Semantic Primitives in Word Embeddings


  • Ján Pastorek Comenius University Bratislava



Semantic primitives are the core concepts that possibly all humans share. They cannot be defined by any other concepts, for the chain of definitions ends in them. Finding such a set would provide us with a common communication “mother language”. We could use such a set to communicate ethical norms to less developed communities [1]. The list of such primes is already stable, numbering 65 in total including words such as TRUE, GOOD, NOT, YOU, etc.

Modern NLP models can capture the semantic similarity of words based on statistical co-occurrences of words. Such models create global embeddings, vectors for each word that occurs in the training where words that co-occur in similar contexts should occupy a similar place in the vector space [2]. The vector spaces produced by these models are based on co-occurrence statistics, and the models do not explicitly encode the fundamental semantic properties associated with semantic primitives.

Do the vectors corresponding to semantic primitives emerge near mathematically special regions in the vector spaces of NLP models, despite their lack of explicit encoding in those places? In other words, are the primes close to SVD singular vectors, PCA components, or K-Means cluster centers?


We have compared vectors corresponding to semantic primitives with three sets of mathematically significant, in a sense “atomic” vectors – PCA, SVD, K-Means all in a variety of settings, e.g., on reduced vocabulary to most commonly used words in English. We used three different comparison measures (Word mover’s "minimum" distance similarity (WMDS), Cosine similarity (CS), Soft cosine similarity (SCS) in 6 pre-trained 300-dimensional global word embeddings models such as FastText, Conceptnet and GloVe. Lastly, we compared the results to random words for baseline.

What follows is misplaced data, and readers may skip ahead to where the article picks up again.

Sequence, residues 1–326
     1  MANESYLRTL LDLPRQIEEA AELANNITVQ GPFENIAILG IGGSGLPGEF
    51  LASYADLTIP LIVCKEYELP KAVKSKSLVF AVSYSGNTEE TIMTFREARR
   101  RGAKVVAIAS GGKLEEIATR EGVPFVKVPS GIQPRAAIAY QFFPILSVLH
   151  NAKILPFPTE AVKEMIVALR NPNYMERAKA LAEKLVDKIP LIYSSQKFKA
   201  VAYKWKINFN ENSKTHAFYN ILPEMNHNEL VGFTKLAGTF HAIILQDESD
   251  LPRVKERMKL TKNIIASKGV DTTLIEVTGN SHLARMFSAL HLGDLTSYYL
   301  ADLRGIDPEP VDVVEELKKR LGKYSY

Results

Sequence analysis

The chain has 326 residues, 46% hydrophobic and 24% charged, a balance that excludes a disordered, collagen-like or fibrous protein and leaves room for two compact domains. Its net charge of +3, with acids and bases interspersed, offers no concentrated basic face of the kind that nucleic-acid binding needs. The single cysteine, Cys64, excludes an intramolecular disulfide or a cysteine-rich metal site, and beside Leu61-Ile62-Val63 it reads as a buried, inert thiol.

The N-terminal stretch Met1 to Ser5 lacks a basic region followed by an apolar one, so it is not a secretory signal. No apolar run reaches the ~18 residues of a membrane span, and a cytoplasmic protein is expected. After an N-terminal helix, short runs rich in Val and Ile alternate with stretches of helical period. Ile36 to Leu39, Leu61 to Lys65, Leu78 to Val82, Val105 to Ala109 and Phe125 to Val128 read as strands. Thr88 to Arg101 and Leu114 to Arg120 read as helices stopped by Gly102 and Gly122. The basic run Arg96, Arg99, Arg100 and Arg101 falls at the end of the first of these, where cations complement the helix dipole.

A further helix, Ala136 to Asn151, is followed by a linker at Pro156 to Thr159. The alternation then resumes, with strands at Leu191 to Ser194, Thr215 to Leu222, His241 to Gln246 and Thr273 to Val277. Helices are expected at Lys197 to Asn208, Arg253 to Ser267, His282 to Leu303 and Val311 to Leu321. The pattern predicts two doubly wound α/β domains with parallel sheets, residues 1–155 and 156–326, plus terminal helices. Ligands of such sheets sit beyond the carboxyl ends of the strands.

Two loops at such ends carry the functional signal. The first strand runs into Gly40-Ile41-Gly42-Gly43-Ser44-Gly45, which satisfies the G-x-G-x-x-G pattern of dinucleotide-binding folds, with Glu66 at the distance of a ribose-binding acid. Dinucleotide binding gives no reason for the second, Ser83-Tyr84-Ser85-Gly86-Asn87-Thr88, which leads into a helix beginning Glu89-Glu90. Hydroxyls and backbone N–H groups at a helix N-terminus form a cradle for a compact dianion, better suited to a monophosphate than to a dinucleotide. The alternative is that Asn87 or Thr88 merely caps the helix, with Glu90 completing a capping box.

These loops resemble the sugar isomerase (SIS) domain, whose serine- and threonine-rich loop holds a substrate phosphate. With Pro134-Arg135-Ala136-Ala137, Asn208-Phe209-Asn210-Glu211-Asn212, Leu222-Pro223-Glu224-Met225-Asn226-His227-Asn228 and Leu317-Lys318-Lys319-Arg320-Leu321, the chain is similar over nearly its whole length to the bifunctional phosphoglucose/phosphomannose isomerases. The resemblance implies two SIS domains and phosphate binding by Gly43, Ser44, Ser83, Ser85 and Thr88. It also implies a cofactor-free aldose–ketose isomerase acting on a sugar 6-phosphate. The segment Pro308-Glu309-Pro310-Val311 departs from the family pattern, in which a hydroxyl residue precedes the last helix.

While FastText and ConceptNet performed better with WMDS, GloVe, and FastText excelled with Cosine Similarity, and GloVe was the standout performer with Squared Cosine Similarity. However, using WMDS, no effect was seen once compared to random words, thus, contradicting our hypotheses.


We think that the WMDS is the most reliable measure for this task since it takes into account each vector separately when comparing two sets of vectors, while other methods compare averages of sets of vectors. Moreover, we think that in some cases FastText, ConceptNet, and GloVe models captured semantic primitives near mathematically special places in the vector spaces, in this corresponding order. However, semantic primitives are not uniquely captured in the models when compared to the set of random words.


[1] A. Wierzbicka, "'Semantic Primitives', fifty years later," Russian Journal of Linguistics, vol. 25, no. 2, pp. 317-342, 2021.

[2] D. Jurafsky and J. H. Martin, Speech and Language Processing (3rd (draft) ed.), pp.102 - 113, 2019.